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Holland Discusses NBA’s Decision to Move All-Star Game From Charlotte

Transgender Students Title IX Civil Rights







Jay P. Holland, a principal in the Firm’s Civil Litigation Group and chair of the firm’s Labor, Employment, and Qui Tam Whistleblower practice, was quoted on July 25, 2016, in an article in Law360 concerning the National Basketball Association’s decision to relocate its 2017 All-Star game out of Charlotte, N.C. The NBA took that action in opposition to the state’s new law that restricts transgender people from using the bathroom of their choice.

The NBA’s decision is regarded as an important test case of the ability of a sports league to effect social change. The controversial law prevents municipalities in North Carolina from enacting anti-discrimination measures and forces people to use bathrooms based on the gender listed on their birth certificate.

North Carolina Gov. Pat McCrory has sharply criticized people and groups that he said were outsiders trying to pressure the political leaders of his state into changing the law.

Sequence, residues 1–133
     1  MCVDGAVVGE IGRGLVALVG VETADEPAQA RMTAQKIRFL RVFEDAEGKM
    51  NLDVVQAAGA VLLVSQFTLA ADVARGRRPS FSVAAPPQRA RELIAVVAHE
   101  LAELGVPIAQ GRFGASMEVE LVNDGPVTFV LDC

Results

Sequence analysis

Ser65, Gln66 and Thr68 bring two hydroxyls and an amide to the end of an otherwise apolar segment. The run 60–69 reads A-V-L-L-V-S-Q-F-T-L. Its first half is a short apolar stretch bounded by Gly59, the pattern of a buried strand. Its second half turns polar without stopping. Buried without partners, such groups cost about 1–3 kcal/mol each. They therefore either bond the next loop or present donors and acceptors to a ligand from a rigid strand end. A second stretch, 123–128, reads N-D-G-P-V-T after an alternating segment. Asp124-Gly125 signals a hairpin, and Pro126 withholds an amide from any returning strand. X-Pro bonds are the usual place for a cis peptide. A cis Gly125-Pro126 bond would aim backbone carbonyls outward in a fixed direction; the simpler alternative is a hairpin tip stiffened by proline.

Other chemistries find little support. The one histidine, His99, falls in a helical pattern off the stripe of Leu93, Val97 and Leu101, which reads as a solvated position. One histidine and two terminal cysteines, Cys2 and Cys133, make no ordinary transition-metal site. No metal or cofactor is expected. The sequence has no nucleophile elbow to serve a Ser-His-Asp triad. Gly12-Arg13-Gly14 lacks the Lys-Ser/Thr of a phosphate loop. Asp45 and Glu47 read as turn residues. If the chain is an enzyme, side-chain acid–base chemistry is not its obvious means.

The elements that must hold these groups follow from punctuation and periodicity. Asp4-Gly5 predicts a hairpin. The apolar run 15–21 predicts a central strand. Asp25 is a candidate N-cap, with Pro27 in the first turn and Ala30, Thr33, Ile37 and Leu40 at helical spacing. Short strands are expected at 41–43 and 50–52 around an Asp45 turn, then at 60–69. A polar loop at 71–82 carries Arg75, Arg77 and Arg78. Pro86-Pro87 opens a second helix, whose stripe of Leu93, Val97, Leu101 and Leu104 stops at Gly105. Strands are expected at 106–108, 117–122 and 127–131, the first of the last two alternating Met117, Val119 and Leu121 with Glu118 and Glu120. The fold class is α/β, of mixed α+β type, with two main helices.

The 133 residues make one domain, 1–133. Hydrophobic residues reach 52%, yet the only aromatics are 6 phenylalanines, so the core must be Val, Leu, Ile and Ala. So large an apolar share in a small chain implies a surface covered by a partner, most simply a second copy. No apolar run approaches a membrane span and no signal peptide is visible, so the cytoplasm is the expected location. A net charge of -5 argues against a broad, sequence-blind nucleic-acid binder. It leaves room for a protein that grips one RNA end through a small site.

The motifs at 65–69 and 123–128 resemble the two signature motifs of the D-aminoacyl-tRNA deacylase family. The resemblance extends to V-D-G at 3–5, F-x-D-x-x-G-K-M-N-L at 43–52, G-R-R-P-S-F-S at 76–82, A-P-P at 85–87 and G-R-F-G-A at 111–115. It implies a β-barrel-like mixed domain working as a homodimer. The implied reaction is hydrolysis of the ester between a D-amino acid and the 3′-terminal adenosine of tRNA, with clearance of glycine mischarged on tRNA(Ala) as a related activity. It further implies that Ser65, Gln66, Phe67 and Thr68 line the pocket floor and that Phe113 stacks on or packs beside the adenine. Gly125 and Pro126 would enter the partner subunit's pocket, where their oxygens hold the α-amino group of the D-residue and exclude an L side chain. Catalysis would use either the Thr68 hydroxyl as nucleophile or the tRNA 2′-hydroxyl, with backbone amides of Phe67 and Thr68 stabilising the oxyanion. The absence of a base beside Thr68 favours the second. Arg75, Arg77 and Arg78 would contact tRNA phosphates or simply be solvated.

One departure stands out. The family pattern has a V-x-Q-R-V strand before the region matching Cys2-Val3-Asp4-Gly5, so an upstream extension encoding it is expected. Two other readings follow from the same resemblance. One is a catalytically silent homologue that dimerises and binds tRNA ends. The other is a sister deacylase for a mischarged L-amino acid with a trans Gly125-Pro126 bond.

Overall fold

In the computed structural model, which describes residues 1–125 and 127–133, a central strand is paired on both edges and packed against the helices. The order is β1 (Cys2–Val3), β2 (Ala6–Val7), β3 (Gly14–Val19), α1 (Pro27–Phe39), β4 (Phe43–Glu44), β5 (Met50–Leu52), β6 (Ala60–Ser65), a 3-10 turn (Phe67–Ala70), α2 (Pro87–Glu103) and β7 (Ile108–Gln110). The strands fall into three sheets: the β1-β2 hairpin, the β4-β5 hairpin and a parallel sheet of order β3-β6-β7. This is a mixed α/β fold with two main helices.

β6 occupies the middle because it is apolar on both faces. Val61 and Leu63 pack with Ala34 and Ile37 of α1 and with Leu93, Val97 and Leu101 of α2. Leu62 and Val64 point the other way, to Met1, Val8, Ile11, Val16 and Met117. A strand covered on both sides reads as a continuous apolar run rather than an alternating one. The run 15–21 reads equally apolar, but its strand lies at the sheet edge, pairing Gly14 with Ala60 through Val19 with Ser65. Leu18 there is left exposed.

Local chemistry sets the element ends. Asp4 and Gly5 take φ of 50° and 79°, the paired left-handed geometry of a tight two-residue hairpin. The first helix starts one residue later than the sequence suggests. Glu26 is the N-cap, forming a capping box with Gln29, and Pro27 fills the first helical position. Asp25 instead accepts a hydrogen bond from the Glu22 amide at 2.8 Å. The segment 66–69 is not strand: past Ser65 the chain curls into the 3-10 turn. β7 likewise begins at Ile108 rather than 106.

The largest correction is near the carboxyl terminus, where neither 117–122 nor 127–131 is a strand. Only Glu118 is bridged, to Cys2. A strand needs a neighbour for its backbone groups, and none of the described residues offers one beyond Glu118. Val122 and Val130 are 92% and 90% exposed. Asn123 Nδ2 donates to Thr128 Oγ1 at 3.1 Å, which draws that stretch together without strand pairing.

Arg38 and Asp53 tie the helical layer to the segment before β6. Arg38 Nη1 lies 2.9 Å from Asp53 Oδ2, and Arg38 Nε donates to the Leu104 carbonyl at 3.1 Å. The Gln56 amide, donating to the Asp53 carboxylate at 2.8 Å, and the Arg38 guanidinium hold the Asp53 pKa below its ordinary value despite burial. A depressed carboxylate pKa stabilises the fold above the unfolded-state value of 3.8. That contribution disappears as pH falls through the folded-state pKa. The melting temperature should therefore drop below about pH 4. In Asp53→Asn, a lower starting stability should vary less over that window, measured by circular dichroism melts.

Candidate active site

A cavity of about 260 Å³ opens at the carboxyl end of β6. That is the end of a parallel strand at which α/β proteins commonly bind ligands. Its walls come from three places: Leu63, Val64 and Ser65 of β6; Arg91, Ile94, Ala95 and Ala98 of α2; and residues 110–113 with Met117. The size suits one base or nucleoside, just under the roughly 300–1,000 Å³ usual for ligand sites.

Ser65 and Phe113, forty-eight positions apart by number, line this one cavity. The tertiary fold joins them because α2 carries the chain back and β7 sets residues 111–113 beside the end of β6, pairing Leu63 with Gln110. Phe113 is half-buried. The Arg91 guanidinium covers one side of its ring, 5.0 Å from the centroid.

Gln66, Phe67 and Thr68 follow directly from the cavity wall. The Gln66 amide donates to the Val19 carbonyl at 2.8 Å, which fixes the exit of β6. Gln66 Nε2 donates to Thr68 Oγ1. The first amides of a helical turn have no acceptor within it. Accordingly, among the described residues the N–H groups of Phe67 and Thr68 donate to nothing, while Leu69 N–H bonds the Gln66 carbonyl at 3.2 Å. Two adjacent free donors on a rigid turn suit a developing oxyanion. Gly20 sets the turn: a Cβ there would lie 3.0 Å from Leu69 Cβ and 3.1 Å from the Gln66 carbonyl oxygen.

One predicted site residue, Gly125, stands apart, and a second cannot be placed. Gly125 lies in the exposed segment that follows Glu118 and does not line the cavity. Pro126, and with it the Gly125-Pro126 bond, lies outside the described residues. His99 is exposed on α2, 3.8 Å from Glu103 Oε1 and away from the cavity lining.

“Left-wing special interest groups have no moral authority to try [to] intimidate the large majority of American parents who agree in common-sense bathroom and shower privacy for our children,” McCrory said in a statement. “American families should be on notice that the selective corporate elite are imposing their political will on communities in which they do business, thus bypassing the democratic and legal process.”

Holland responded to these concerns in a quote that appeared in the Law360 article.

“I find it a little absurd or disingenuous for the governor to say that the NBA is not respecting the democratic process,” Holland said in the article. “They feel that a jurisdiction is acting in a discriminatory fashion, and they are entitled to say: ‘We don’t want to give you our business.’ ”

Holland was also quoted in the article as saying that the state law “puts the NBA in a very difficult and untenable position,” had the All-Star game gone on as planned. “I frankly don’t know how North Carolina intends to enforce the law. Are they going to have bathroom monitors? And even then how are they going to know?”

The full Law360 article can be found at: (Please be advised that due to Intellectual Property rights full access to these articles may require registration or purchase of a subscription.)

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